Pac-12 Tournament preview

Cougs face Cal first; play UCLA next round



WSU guard Noah Williams (24) jumps for a layup during the second half of an NCAA college basketball game against Oregon in Beasley Coliseum, March 5.

Branson Virgen, Evergreen reporter

With WSU men’s basketball done with regular season play, the team now looks to make a run at the Pac-12 title this week. 

For many teams in the Pac-12, their only hope for a bid to the NCAA tournament now rests solely on their performance during this week in Las Vegas, as only Arizona, UCLA and USC have presumably secured bids. All conference winners (32 total) receive an automatic berth to the tournament, and the NCAA selection committee is then tasked with giving out the rest of the at-large bids (36 total) to round out the massive 68-team bracket. 

WSU is one of those teams that needs a positive showing in the tournament to have any shot at being considered for the March Madness tournament. A berth in the National Invitation Tournament seems a likely fate for the Cougars, surpassing last season’s squad, who earned and declined a College Basketball Invitational invite. That was the right call, in my opinion; if two selection committees pass you up and your only option is a pay-to-play tournament, it is better to look toward the off-season for opportunities to improve.

Considering the way the Cougars have played as of late, a postseason run is not totally out of the equation. The Cougars could pose a real threat in the tournament as they have won three of their last four games. In those three victories, WSU has seemingly found their rhythm offensively, showcasing better ball movement and better shot selection. The Cougs highlighted their offensive prowess in the blowout victory over Oregon on Saturday. 

WSU finished the season with an improved conference record of 11-7, marking a new high-point in the program since the 2000s.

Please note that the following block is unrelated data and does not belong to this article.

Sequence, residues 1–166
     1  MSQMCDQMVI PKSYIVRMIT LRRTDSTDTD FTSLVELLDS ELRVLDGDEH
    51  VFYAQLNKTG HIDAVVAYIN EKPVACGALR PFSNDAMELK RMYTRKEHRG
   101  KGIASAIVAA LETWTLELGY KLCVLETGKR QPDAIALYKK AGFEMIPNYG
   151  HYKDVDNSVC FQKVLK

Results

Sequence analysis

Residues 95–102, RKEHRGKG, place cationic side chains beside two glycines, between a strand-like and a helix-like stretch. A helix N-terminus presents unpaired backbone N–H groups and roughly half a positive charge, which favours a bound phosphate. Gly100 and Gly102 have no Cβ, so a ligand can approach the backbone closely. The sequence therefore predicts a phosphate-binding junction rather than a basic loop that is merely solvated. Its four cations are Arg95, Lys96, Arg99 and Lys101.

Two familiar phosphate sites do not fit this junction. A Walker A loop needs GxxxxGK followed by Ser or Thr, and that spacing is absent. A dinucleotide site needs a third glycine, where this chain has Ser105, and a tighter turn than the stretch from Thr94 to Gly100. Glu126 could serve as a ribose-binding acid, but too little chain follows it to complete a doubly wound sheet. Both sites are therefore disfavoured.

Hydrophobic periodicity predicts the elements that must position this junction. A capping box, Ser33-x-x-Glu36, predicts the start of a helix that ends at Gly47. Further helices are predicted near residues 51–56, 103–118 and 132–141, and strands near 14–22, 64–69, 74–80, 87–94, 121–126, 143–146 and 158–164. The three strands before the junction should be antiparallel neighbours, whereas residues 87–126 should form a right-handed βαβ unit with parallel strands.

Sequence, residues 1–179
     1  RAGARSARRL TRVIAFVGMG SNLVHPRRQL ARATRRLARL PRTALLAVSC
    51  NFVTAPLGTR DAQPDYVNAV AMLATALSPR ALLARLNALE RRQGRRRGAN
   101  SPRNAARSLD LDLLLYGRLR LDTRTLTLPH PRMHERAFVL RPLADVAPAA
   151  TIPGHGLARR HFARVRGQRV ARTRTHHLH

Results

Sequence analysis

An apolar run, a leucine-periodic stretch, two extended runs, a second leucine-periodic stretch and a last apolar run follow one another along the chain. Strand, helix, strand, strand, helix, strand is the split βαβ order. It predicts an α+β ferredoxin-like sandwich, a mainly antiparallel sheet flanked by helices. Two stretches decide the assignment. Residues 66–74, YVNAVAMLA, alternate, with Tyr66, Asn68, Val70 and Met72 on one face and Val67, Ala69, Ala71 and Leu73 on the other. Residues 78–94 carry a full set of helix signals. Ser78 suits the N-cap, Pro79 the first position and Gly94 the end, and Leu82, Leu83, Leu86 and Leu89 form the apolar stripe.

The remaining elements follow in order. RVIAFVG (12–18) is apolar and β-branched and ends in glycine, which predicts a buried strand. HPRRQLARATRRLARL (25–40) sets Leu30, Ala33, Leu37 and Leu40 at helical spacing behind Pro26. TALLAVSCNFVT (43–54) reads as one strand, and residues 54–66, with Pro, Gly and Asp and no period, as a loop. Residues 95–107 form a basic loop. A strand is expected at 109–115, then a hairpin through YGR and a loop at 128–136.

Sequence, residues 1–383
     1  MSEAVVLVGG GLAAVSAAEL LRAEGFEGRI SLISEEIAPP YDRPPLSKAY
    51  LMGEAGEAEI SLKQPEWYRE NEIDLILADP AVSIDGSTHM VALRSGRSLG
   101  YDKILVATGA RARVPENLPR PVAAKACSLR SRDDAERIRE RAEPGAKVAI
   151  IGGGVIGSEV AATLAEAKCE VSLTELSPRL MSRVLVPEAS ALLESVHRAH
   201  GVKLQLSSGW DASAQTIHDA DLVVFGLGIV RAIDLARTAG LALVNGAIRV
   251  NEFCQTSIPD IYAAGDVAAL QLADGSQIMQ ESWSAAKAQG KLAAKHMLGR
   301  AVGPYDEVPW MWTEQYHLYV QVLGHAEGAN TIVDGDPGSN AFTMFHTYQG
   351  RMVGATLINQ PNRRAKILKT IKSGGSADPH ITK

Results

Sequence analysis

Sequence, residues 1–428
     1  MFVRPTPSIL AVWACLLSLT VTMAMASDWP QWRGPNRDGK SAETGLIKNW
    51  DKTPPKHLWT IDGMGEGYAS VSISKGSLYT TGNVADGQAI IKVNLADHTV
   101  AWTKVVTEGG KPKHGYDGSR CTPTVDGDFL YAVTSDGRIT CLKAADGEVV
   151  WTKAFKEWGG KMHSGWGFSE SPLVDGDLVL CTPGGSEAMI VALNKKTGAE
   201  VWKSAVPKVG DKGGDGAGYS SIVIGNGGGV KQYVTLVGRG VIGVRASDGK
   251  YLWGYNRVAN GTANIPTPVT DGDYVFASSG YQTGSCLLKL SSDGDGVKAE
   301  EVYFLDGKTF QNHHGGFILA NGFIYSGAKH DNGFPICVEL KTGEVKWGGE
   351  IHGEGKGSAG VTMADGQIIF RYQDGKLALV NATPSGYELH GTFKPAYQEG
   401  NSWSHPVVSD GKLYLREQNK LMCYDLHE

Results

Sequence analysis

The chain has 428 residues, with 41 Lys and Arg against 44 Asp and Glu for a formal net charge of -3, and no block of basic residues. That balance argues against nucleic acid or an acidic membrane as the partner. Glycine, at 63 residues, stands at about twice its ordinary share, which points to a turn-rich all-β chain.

We should remember not too long ago when Oregon State went on a run last year that shocked the college basketball world — winning the Pac-12 tournament for the first time in program history and making it to the Elite Eight in the NCAA Tournament. Last year’s Oregon State squad carried momentum into late March, knocking off elite teams like Tennessee, Oklahoma State and Loyola Chicago before finally losing to Houston. Granted, Arizona was absent last year from the Pac-12 tournament after a postseason ban. Now back in competition, Arizona is the favorite to win, outside of USC and UCLA. Last season’s tournament showed any team could go the distance in the Conference of Champions and prove themselves an elite caliber on the national stage. 

The Cougars open play Wednesday against the California Golden Bears, a team WSU has defeated twice this season. With the outstanding play on the interior from big men Efe Abogidi and Mouhamed Gueye, the Cougars should advance so long as the three-ball falls from deep.

A win over Cal sets up a battle with UCLA on Thursday. The Bruins won the last meeting with WSU, beating them by a comfortable 20 points in a 76-56 win in Los Angeles. After the conference tournament, all teams await their fate on Selection Sunday as the Committees reach a conclusion for the NCAA Tournament and the NIT.